JETFOILS

The JETFOIL is a second generation hydrofoil which employs gas turbine driven waterjets for propulsion, fully submerged hydrofoils to develop lift, and an automatic stabilization and control system to produce an excellent ride quality in rough water. In commercial passenger service throughout the world, the JETFOILS have carried two million passengers approximately 100 million passenger miles reliably and dependably. Passenger acceptance of the wide body comfort, smooth ride and cruise speed of 50 miles an hour has been extremely high and load factors have continued to increase. The JETFOIL is environmentally clean, it is quiet and it can be used in congested areas safely and without imposing itself in any way on other users of the marine environment either pleasure or commercial. The primary emphasis of this presentation is to describe the in-service experience of this relatively new and highly advanced marine vehicle and to show how the craft could be used in Metropolitan transit operations. Several specific analyses of operations presently under consideration are shown and the economic aspects discussed. The presentation also deals with some of the key technical considerations which are likely to determine the economic viability of any advanced marine system and therefore determine the ultimate success or failure of the system. (Extensive use was made of films and slides.)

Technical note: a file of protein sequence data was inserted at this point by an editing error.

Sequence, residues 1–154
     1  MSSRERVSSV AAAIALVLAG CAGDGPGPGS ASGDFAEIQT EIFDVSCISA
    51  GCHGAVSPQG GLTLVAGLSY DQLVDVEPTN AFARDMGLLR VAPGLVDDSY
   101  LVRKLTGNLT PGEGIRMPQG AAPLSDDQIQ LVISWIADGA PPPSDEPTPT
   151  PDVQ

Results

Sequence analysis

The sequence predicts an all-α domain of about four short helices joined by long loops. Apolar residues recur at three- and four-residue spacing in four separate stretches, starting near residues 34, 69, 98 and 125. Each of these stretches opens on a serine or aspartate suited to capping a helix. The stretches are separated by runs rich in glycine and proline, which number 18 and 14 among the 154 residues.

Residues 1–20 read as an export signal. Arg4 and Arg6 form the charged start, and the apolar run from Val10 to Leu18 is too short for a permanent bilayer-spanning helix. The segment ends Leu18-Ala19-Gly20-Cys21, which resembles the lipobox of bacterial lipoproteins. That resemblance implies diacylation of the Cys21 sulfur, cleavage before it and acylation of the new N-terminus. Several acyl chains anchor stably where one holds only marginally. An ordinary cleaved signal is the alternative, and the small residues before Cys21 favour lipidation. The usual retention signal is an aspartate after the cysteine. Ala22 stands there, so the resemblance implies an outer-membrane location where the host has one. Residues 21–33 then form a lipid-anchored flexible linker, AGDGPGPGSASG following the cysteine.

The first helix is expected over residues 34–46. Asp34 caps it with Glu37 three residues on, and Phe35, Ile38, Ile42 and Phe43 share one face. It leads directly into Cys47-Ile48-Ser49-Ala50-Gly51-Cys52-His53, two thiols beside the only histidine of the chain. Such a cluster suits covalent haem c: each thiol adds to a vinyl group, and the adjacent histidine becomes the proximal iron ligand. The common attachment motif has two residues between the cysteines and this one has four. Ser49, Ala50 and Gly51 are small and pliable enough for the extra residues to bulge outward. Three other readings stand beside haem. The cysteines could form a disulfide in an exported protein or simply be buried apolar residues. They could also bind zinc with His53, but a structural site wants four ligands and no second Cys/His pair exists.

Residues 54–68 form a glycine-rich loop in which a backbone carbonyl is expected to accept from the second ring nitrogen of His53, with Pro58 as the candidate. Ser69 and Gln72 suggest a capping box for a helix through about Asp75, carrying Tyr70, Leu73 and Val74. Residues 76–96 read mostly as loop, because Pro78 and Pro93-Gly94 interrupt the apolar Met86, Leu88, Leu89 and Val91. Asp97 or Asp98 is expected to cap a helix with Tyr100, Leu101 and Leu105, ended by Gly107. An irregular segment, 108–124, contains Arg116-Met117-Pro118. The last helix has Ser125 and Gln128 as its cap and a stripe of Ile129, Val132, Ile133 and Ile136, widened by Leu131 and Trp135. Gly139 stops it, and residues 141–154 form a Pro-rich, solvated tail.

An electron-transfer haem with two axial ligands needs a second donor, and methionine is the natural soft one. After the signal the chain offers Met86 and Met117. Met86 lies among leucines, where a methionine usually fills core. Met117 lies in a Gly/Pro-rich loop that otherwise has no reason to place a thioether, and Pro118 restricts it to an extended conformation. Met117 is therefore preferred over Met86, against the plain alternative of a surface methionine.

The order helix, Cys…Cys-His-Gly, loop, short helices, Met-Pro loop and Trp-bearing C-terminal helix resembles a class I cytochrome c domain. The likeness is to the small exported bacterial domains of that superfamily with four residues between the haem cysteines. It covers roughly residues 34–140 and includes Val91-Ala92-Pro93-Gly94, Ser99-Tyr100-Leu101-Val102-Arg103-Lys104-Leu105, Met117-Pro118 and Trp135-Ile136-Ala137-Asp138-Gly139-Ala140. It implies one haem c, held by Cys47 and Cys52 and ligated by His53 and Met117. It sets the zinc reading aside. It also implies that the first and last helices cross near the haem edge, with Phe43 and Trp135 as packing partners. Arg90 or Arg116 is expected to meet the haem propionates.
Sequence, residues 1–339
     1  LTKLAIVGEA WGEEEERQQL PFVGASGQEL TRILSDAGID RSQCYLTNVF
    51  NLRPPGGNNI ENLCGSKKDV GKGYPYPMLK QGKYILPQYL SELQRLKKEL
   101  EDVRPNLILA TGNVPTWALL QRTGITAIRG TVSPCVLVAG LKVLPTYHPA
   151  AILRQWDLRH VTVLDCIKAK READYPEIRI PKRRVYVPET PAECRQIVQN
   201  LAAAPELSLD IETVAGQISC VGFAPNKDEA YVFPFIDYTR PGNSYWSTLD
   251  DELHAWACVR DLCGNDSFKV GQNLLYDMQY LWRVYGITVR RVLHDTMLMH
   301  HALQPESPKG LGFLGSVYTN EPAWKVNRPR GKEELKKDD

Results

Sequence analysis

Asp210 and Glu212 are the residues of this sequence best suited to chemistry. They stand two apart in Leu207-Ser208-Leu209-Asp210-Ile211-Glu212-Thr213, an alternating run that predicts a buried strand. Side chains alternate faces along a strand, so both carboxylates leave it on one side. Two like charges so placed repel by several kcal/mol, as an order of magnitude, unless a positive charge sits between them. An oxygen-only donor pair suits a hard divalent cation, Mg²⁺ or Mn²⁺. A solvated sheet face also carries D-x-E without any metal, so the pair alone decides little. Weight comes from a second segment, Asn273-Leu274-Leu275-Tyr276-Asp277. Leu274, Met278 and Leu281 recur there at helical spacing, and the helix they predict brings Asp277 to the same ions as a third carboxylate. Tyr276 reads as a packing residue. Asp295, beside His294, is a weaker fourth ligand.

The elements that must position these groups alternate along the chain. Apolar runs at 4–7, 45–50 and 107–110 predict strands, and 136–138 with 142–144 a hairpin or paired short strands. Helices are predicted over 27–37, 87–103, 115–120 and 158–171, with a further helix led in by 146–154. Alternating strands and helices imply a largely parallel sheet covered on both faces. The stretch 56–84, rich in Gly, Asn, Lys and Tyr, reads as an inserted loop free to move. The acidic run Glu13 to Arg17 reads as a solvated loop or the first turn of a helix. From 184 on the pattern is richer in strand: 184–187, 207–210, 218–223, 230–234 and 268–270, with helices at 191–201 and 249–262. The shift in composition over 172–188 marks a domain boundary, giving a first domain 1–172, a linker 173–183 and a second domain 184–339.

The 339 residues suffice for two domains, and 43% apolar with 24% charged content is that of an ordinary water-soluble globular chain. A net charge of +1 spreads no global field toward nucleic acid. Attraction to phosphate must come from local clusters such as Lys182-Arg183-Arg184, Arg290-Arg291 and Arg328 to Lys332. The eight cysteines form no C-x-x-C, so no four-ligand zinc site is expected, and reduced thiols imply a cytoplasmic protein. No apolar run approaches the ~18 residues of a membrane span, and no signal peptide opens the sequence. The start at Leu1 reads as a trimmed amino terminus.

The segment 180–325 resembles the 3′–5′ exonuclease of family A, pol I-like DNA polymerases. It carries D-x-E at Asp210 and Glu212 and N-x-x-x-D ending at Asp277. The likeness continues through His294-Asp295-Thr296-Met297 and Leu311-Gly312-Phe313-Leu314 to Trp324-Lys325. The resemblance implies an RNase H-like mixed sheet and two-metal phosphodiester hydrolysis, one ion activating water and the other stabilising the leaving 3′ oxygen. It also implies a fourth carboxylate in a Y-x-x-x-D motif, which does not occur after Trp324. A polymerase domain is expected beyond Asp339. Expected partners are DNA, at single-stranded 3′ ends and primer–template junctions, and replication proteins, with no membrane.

• Supplemental Notes:
    • Proceedings of Second International Waterborne Transportation Conference, October 5-7, 1977, New York City. Available April, 1978, approximately 750 pages, Cost: to ASCE members $15.00; non-members $30.00.
  • Corporate Authors:

    American Society of Civil Engineers

    345 East 47th Street
    New York, NY  USA  10017-2398
  • Authors:
    • Shultz, W M
  • Publication Date: 1977

Subject/Index Terms

Filing Info

  • Accession Number: 00170272
  • Record Type: Publication
  • Source Agency: American Society of Civil Engineers
  • Report/Paper Numbers: Proceeding
  • Files: TRIS
  • Created Date: Mar 14 1981 12:00AM